Doomsday Jitters Feed Interest

CBS News Bomb ShelterOriginally published on CBS News by Charles Cooper on July 28, 2010

Is it the prospect of an apocalyptic rendezvous with disaster in late 2012, the likelihood of nuclear terrorism devastating the homeland or just another garden-variety economic meltdown – this one perhaps qualifying as The Big One? Take your pick, but enough people are sufficiently freaked out these days to feed an apparent boomlet in disaster shelters, circa 1955.

Most folks may have assumed that doomsday bunkers had been relegated to museum backrooms chronicling the Cold War. But this USA Today reminded everyone that yes, Shakespeare was right: what’s past is sometimes prologue.


Explosive ingenuity

Dallas Business Journal Bomb ShelterOriginally published on Dallas by Shashana Pearson-Hormillosa on September 20, 2009

Walton McCarthy designs modern-day underground shelters to protect clients from long-term effects of disasters

When Walton McCarthy started building bomb shelters in 1978, he found the concrete shelters inadequate for protecting against nuclear attack. He devised a modern-day shelter that is airtight, fully self-contained and able to protect against natural disasters as well as nuclear, chemical and biological weapons. Now, demand for the shelters is so high that he has not been able to match it with production and he is increasing his manufacturing facility by 50,000 square feet to meet the demand.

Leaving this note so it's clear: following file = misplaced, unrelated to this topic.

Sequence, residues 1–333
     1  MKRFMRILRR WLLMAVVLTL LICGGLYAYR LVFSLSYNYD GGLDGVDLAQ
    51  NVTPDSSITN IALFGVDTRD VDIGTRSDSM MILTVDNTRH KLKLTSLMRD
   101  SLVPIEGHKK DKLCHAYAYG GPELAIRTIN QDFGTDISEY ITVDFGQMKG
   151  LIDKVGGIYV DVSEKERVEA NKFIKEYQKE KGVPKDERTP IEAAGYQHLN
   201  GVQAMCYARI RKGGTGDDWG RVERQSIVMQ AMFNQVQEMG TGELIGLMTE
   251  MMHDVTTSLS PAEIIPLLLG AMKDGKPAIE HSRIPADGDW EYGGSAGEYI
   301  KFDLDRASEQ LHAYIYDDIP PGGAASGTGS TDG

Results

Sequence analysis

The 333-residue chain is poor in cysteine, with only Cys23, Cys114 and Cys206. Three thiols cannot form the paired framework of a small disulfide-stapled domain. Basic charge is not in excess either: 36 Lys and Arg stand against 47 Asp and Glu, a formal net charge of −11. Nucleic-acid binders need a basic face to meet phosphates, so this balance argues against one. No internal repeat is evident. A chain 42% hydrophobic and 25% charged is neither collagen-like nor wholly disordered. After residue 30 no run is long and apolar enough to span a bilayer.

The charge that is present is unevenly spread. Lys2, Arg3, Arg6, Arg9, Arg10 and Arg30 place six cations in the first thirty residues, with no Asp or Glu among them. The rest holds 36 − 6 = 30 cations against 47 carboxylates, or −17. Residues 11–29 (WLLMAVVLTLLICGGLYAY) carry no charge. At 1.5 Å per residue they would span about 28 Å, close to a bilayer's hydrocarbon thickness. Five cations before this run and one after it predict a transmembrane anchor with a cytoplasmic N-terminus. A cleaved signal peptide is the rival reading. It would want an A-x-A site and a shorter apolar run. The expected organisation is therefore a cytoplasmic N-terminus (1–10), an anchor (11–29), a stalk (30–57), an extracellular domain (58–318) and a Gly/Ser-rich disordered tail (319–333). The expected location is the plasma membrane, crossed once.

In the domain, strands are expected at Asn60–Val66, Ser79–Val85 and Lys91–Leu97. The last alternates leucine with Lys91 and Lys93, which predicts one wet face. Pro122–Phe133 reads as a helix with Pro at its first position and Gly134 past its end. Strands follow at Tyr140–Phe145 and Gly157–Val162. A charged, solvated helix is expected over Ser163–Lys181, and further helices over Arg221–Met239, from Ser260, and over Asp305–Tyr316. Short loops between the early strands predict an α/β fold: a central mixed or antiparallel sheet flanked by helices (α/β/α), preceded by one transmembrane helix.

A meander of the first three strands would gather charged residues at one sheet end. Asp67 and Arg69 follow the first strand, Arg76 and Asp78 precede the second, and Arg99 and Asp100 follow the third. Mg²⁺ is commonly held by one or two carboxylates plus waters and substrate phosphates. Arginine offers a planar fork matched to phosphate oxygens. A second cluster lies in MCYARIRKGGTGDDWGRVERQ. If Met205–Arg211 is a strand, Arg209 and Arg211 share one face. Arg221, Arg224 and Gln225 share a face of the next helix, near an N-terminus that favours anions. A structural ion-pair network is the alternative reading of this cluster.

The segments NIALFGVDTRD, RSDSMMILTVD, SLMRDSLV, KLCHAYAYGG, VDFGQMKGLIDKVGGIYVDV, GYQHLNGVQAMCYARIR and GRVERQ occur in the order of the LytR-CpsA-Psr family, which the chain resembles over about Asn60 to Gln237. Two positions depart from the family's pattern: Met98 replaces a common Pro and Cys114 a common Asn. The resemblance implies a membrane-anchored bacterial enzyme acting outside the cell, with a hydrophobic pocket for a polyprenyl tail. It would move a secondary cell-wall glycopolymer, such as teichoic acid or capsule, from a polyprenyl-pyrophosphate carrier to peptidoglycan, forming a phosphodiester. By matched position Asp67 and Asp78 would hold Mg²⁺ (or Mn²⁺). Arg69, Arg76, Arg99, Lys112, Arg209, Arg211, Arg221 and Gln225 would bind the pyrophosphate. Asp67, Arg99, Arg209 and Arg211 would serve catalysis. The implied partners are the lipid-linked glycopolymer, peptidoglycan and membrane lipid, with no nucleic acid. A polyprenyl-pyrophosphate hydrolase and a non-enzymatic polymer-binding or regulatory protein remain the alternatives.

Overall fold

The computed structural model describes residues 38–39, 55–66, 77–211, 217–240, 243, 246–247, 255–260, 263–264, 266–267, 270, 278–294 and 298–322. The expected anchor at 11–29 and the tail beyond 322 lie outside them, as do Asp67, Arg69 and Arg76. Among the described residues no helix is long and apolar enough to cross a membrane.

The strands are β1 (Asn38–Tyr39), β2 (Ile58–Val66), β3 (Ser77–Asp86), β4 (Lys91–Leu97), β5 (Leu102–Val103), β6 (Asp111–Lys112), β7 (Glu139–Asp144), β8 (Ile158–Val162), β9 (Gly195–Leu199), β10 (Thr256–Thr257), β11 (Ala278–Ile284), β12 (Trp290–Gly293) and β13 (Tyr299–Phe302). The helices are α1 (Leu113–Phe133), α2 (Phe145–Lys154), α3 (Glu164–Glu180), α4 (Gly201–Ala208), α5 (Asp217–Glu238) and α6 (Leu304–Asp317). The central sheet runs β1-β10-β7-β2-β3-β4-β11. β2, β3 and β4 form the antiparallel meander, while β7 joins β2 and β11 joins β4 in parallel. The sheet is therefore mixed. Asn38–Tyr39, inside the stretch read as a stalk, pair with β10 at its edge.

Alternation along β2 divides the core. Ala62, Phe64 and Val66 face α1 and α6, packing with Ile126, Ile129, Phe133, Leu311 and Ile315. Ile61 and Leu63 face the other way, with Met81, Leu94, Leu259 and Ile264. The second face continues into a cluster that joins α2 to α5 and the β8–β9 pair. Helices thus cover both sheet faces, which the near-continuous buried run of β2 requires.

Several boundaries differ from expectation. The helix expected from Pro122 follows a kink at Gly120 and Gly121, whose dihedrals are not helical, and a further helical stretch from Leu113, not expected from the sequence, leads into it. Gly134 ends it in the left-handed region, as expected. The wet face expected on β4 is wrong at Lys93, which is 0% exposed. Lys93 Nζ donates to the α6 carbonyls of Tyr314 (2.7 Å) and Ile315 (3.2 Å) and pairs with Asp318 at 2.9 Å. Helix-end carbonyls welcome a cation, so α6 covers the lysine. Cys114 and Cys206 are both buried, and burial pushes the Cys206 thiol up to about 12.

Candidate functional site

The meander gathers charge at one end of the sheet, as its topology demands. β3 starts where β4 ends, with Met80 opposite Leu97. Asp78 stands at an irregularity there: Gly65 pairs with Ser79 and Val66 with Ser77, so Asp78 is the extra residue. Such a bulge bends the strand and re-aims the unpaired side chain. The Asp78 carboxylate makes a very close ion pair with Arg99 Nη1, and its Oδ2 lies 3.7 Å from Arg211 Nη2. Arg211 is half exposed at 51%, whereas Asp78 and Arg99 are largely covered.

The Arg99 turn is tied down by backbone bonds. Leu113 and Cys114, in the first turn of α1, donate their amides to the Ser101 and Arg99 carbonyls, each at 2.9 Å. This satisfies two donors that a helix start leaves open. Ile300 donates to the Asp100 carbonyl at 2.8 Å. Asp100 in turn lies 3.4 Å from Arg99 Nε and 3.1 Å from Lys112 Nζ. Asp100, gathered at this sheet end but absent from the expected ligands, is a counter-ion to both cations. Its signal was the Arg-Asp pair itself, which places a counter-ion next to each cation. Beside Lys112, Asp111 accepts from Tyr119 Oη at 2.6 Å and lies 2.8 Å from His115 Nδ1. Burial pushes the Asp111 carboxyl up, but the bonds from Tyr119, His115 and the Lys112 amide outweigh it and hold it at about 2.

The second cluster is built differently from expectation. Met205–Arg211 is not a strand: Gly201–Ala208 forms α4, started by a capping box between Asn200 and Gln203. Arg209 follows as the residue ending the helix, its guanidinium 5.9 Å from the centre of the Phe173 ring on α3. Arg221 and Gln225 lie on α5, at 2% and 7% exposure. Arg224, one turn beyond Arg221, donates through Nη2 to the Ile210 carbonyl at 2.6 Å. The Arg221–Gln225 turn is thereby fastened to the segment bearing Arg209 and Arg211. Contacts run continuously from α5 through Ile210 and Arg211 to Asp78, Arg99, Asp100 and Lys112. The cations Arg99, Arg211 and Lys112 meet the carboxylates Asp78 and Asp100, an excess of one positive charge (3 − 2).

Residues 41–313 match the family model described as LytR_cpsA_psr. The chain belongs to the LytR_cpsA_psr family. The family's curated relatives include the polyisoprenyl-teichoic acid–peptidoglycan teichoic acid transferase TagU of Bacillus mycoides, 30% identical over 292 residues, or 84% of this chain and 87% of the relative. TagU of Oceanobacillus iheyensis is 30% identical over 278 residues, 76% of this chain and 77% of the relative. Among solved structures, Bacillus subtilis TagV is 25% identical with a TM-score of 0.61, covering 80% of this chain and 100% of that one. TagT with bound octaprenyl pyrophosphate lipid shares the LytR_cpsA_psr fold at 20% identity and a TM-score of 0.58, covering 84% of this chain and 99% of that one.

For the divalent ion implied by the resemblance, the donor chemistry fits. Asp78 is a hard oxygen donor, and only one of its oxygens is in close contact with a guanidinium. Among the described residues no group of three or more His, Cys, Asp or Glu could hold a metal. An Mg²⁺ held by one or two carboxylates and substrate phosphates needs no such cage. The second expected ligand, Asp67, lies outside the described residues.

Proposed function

MOD POD: Not your mother’s bomb shelter, Walton McCarthy stands in one of the sheltersMOD POD: Not your mother’s bomb shelter, Walton McCarthy stands in one of the shelters he designed and built through his company, Radius Engineering.

Walton McCarthy is passionate about what he does — designing and building self-contained underground composite structures, better known as bomb shelters. It’s something he’s been doing for more than 30 years, but more recent incidents like the terrorist attacks on 9/11 and rumblings of nuclear weapons from Iran and North Korea have made demand for his service skyrocket.

Forney company worldwide reputation

Dallas Morning News Bomb ShelterOriginally published on The Dallas Morning News by Bruce Tomaso on May 22, 2012

Underground bomb shelters — once thought to be the last line of defense for American families should the Commies drop the big one — aren’t quite the Cold War relics that you might imagine.

KSAT-TV, the ABC affiliate in San Antonio, reports that a Forney company, Radius Engineering International Inc., specializes in building high-tech shelters designed to protect their occupants from biological and chemical weapons, nuclear bombs, even natural disasters like earthquakes, tornadoes and hurricanes.

“I’m not aware of any weapon that this could not protect you from,” Walton McCarthy, the company’s principal engineer, tells the TV station.